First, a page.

I mused on this dissolved spirit at the stream and wondered what unseen Irish essences were whirling around in the current. At school, most students learn about the 'river load' which rides with the water downstream; the load with which you can remove with a net, like the autumnal leaves, and the load that dissolves into the water, which one cannot hold in one's hand. What about the 'PhD Load', the things we entrain along the way, and transport with us on this journey? Since Day 1, I have 'netted' a rather substantial load of papers and books, but have entrained so many intangible, yet useful skills too.

Further along, the path which so dutifully followed the banks of the river, began to migrate and I found myself leisurely sauntering through woodland. A perfect stillness nestled amongst the trees and so fragile it seemed, too. Just as 'one thing leads to another', as is my PhD experience these last 52 weeks, fresh and inviting routes seemed to grow out from each side of the path. Occasionally, I would elect one, and seek out its promises. One that struck me was the Mining Trail which skirts the border of an Early Bronze Age mine; the earliest copper mine in Ireland. According to information displayed at the site, metal was extracted from here and distributed around Ireland in around 700 AD and culminated in large-scale operations in the 1800s, with some 5000 tons of copper ore being sold to British smelters.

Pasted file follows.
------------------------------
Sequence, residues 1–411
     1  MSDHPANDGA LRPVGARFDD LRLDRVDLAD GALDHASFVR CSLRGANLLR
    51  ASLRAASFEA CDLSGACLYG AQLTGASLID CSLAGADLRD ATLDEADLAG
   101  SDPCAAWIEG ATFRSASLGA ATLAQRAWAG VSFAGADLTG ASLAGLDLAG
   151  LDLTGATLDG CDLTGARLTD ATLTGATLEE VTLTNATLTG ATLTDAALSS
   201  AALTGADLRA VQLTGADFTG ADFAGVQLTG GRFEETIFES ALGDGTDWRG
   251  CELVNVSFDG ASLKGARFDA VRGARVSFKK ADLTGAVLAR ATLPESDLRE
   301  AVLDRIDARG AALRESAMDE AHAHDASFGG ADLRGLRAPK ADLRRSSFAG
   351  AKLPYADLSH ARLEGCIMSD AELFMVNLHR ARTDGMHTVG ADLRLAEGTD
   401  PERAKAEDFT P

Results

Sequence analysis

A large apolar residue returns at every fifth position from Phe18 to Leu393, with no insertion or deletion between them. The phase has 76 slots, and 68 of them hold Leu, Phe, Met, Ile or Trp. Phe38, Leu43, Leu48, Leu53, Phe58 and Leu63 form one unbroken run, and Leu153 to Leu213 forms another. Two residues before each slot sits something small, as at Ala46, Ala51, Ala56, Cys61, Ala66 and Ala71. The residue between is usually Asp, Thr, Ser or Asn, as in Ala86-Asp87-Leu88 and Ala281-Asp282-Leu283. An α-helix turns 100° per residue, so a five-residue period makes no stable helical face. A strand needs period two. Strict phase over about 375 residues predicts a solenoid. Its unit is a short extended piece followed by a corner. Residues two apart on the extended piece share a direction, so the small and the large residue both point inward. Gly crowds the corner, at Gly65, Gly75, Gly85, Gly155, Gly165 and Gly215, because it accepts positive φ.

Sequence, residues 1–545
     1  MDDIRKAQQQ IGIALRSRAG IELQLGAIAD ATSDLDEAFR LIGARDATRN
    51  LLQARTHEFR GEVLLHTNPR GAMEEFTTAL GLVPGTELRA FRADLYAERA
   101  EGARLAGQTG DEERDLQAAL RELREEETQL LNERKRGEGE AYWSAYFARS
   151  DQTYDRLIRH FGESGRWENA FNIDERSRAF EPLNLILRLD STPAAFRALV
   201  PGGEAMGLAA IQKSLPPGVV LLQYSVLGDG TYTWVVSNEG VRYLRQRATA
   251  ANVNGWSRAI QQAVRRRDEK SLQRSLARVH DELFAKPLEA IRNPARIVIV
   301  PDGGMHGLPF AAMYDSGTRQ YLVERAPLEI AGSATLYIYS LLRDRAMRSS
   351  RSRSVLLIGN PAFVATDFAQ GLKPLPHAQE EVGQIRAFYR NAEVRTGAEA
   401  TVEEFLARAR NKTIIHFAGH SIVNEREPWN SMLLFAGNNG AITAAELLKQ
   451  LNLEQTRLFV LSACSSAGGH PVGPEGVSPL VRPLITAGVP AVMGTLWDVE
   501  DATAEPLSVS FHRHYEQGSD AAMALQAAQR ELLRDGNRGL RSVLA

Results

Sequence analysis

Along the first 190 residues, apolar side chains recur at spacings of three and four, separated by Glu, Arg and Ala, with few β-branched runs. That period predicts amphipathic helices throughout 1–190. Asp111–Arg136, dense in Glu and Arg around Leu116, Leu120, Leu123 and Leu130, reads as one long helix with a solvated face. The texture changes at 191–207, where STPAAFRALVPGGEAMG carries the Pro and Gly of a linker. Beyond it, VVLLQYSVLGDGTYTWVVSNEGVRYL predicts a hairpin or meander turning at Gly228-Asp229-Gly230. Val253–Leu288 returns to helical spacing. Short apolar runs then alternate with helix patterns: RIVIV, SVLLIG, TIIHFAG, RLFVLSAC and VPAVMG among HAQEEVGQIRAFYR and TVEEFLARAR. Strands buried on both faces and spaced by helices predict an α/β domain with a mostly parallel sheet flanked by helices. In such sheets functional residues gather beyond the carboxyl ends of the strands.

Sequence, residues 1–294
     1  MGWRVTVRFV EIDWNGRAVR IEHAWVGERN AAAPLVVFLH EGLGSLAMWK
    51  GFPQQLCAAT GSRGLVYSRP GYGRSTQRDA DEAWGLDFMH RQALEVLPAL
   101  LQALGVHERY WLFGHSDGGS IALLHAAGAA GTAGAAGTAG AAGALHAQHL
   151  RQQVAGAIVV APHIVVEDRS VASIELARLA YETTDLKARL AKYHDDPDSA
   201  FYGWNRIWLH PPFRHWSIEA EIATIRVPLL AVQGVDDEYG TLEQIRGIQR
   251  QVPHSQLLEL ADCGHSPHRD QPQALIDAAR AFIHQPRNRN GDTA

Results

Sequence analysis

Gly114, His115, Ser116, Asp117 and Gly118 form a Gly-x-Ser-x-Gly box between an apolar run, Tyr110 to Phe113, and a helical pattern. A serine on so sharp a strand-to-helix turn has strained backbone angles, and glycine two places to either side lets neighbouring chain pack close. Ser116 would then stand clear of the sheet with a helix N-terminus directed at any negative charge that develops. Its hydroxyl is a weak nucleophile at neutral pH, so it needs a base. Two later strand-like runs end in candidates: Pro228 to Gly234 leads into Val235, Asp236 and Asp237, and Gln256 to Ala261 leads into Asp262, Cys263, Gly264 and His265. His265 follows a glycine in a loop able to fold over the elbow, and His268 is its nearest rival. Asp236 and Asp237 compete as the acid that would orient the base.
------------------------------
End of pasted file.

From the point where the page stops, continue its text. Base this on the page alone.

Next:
On one of the information boards, I noticed a small illustration of a Powder Magazine where gunpowder, used to blast rock in the mines, was stored. I smiled at the magnitude of destruction our ancient ancestors used to permit in order to access their desired material. The last couple of months in this first year as a PhD student have seen me physically mining the soils in woodlands and farms around England and accompanying what has been, at times, a struggle is an age-old question in Soil Science: what is the best way of obtaining the samples? Never would I have even considered gunpowder - more to the point, never would I have been sanctioned gunpowder - but as I gazed at the relics of mining sites, I recalled the many weeks of pit-digging and percussion coring.

It didn't strike me immediately. But as I ambled over a fresh bed of autumnal leaves along the mining trail, I realized that I was also a 'mine' too. It has been one of the honours of this first year as a PhD student to have been so actively involved in teaching and mentoring. And in this unique capacity, which is never to be taken for granted, I have been a mine of information and advice for those students which have sought it. I have learnt the trick to being a good 'human' mine; not to simply give the answer away, but to allow the student in question to 'dig away'.